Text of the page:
This article addresses the issue of consensual forcible intervention in internal armed conflict--meaning, intervention undertaken with the consent of a party to an internal conflict--and seeks to clarify the place of such interventions within the framework of the law of international agreements in conjunction with the law on the use of force. It analyzes the question of consent strictly in the context of relations between a consenting party and an external intervener ("procedural consent"), as opposed to questions regarding the internal legitimacy or capacity of a party to express consent ("substantive consent")--which are not dealt with in this article. The article attempts to demonstrate that consensual forcible interventions, in their "procedural" sense, are regulated by firm and accepted norms of international law. These are found in the Vienna Convention on the Law of Treaties (VCLT), found in customary international law, found in the law on the use of force, and augmented by the law of state responsibility. The article seeks to systematically elaborate on these frameworks and to clarify them. It demonstrates the general dynamics of consensual interventions, as they occurred in the different stages of the conflict in the Democratic Republic of Congo; it then addresses the regulation of consensual interventions under the VCLT and customary international law; discusses the question of withdrawal of consent and aggression; analyzes the dilemma of forward-looking consent in the context of regional defense treaties; surveys the role of consent in relation to U.N. Chapter VII interventions; and briefly touches upon the question of consent and non-state actors, exemplifying this issue through the analysis of the development of the legal status of the Palestine Liberation Organization.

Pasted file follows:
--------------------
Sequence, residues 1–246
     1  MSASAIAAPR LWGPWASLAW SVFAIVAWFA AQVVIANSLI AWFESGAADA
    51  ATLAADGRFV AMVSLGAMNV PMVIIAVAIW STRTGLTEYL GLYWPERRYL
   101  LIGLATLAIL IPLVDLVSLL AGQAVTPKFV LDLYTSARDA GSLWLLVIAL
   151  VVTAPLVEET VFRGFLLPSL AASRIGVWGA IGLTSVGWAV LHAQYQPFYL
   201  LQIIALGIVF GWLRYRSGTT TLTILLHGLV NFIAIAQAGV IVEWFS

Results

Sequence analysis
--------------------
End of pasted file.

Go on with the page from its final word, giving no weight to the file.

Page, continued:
|Number of pages||46|
|Journal||Boston University International Law Journal|
|State||Published - 1 Jun 2011|
- CONGO (Democratic Republic)
- UNITED Nations. Charter
- INTERNATIONAL law
- INTERNATIONAL obligations